Start with a proliferation of diverse theological beliefs showing independent development of disparate and incompatible theism; the tendency of religions to schism and never reconcile; the tendency of people with demonstrably false religious beliefs (like cargo cultism) to continue believing them anyway, even faced with compelling contrary evidence.

All of that is evidence about the way humans minds and cultures work, and none of it is good evidence for any theistic belief being true.

Touche, although some religions reconciled and some theistic beliefs are compatible.


Spirituality preceded theism by tens of thousands of years. See indigineous Australian beliefs, for example -- highly spiritual but no gods.

Doesn't apply to other ancient animistic beliefs.


Cultural cohesion likewise seems to have come from arts and spiritual practices, and does not require gods.

This is a desperate and wilful ignorance of the importance of religion to culture. The belief in gods was a crucial element of most ancient peoples and religions.


What gods give us, Iredia, is nationalism. That's not just cultural cohesion, but invented groupings for which people will fight and die.

You mean gods give us nationalism and cultural cohesion with it. If that's the case, I agree.
Porn babes be distracting me. Dudes be stealing me stuff. I'm all about the cash from now. I'm not playing Jesus anymore.
RuvDraba
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6/21/2015 6:26:17 PM
Posted: 1 year ago
At 6/21/2015 3:40:40 PM, Iredia wrote:
At 6/19/2015 5:16:00 PM, RuvDraba wrote:
Scattershot assertions elided
Is there a facet of our topic that you seek to discuss, Iredia, or would you just like me to know what your opinions are?

If it's the latter, please be assured that I do.

Moreover, if you're afraid to bring focus and insight to bear, and concentrate your posts on a key matter that you think is interesting and edifying, fear not! If you had any clarity or insight to offer I'd welcome it!

Of course, if you don't want to do that, but only wish to impress with scattergun-assertions, well, I promise you: I'm now as impressed as I shall ever be.
Fkkize
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6/22/2015 11:07:08 AM
Posted: 1 year ago
At 6/19/2015 4:56:48 PM, Benshapiro wrote:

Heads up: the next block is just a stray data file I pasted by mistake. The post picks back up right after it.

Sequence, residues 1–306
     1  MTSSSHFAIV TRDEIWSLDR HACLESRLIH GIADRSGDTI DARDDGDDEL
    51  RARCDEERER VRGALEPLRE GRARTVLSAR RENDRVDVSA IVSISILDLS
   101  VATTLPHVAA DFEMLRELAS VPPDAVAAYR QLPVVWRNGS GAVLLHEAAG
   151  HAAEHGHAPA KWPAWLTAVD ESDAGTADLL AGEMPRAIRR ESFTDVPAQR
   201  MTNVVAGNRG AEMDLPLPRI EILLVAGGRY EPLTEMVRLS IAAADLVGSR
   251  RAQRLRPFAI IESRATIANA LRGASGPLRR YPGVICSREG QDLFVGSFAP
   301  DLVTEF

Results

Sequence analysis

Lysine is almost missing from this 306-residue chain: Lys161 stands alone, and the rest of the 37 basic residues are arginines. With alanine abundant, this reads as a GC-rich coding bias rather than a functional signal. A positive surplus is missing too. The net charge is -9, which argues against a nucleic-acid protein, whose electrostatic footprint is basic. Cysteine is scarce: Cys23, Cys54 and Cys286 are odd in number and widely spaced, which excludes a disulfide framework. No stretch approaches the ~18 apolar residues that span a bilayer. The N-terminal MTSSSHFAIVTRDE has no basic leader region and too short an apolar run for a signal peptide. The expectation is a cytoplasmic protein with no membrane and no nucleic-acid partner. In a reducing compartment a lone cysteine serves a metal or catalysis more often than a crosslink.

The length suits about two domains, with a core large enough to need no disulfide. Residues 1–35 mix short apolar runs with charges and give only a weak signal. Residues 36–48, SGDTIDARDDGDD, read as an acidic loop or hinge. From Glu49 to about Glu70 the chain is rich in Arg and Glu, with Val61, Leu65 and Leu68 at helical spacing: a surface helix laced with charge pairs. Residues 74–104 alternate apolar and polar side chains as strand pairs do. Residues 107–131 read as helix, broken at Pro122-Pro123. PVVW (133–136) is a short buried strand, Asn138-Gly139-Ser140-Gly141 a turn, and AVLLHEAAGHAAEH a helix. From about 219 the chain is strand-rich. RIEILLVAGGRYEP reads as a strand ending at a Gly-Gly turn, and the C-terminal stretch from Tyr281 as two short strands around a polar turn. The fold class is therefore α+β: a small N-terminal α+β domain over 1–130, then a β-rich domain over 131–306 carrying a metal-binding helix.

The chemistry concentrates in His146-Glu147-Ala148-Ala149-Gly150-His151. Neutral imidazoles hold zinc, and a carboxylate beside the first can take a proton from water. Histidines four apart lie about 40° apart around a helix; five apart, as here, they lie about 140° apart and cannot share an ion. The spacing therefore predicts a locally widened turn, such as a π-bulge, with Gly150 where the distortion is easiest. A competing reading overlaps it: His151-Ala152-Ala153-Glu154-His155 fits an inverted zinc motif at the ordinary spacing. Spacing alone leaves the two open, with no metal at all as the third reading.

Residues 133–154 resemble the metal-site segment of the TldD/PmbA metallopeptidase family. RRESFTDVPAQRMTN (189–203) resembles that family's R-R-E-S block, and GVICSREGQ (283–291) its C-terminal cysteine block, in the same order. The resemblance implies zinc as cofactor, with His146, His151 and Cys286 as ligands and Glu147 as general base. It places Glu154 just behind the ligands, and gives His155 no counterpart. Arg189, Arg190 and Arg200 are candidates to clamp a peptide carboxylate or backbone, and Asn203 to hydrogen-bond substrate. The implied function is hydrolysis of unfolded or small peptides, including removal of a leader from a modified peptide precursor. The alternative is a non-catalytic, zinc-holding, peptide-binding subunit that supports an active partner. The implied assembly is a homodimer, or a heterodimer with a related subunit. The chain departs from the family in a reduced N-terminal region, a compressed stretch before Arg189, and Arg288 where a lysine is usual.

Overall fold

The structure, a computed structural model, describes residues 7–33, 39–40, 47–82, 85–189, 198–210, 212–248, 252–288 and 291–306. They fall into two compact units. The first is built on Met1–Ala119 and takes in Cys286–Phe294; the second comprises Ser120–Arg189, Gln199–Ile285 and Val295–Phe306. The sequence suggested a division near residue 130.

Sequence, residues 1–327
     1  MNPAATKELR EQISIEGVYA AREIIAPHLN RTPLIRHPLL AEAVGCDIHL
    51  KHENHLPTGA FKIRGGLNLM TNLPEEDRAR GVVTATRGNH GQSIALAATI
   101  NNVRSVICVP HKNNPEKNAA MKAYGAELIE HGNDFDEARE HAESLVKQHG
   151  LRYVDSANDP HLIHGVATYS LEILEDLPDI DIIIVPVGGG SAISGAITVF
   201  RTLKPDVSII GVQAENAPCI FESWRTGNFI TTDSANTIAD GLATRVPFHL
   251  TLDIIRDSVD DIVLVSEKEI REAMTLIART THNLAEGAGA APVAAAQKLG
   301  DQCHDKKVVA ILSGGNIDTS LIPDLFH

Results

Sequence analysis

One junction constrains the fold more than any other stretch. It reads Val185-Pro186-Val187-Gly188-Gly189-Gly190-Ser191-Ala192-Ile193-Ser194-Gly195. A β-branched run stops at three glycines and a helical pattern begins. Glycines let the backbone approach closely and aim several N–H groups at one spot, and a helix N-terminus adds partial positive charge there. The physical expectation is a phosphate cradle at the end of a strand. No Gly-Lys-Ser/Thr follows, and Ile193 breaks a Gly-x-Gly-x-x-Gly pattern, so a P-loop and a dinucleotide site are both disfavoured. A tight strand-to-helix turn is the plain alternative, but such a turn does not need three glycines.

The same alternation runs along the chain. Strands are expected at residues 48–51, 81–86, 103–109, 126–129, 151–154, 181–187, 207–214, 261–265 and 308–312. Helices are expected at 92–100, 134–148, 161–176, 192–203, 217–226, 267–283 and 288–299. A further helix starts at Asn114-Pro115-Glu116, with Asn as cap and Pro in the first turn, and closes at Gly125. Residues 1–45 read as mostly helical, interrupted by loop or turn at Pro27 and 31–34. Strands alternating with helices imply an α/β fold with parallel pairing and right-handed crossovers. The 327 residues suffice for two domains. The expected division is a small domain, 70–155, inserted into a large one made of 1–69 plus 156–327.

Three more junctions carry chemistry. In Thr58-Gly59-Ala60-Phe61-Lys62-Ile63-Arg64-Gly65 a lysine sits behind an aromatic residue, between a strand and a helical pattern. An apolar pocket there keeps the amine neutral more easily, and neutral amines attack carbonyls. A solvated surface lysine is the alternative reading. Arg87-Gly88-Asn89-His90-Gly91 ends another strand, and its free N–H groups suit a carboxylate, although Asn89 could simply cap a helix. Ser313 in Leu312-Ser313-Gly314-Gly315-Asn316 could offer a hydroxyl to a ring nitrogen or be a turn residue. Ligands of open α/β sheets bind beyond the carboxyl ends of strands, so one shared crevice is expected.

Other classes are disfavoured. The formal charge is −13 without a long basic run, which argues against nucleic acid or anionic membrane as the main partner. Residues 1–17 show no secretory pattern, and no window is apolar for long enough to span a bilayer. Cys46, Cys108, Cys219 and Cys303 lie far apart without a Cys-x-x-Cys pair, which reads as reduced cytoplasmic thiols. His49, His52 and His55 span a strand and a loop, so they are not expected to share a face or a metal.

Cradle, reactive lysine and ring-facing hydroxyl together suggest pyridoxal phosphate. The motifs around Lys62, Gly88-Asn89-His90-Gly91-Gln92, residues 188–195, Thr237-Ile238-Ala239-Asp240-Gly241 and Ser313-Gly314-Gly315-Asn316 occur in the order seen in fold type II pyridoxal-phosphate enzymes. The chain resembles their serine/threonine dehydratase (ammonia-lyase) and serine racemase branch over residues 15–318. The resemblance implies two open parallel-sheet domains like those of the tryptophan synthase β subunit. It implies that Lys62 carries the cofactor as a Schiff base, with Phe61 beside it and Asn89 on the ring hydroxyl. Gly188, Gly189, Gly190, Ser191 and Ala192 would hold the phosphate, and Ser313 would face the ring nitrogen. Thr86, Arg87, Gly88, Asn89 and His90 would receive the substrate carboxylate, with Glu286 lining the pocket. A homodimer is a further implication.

I haven't used this argument much and don't know to what extent I agree with it, but it seems true. "Knowledge" presupposes that abstract, invariant, and universal truths exist.
Now I'm interested in your theory of truth.

"Truth" can only be known by the mind. In order for us to suppose that we "know" rather than "believe" something to be true, we presuppose an abstract, invariant, and universal mind.
Wait, how did you get from abstract and invariant truth entities that can only be known by a mind to the conclusion that we have to presuppose another mind than our own for knowledge?

It must be a mind because abstracts can only be known by interaction with the mind.
Otherwise it seems that we have no reason to trust that our senses are reliable.
Shall I pull out the pragmatist again?
: At 7/2/2016 3:05:07 PM, Rational_Thinker9119 wrote:
:
: space contradicts logic
inferno
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6/22/2015 11:09:11 AM
Posted: 1 year ago
At 6/19/2015 1:02:54 PM, janesix wrote:
What would you consider to be "proof" that there is an intelligent creator?

I'm assuming this would be objective, verifiable proof,and not subjective experience.

Youre wasting your time if you are an Atheist.
JMcKinley
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6/22/2015 1:05:24 PM
Posted: 1 year ago
I'm assuming that we are talking about the Christian God. If this is the case, and if the Christian God is omnipotent as they claim, then that means that God knows exactly what it would take to convince me.

So all it would take is for God to show up and do that.
Skepticalone
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6/22/2015 2:06:33 PM
Posted: 1 year ago
At 6/19/2015 1:02:54 PM, janesix wrote:
What would you consider to be "proof" that there is an intelligent creator?

I'm assuming this would be objective, verifiable proof,and not subjective experience.

I would accept nothing short of seeing this being appear with my own eyes (in front of other humans who can corroborate my experience to the most minute detail) and an explanation of why up until that point detecting his/her/it existence was impossible and unimportant.
This thread is like eavesdropping on a conversation in a mental asylum. - Bulproof

You can call your invisible friends whatever you like. - Desmac

What the hell kind of coked up sideshow has this thread turned into. - Casten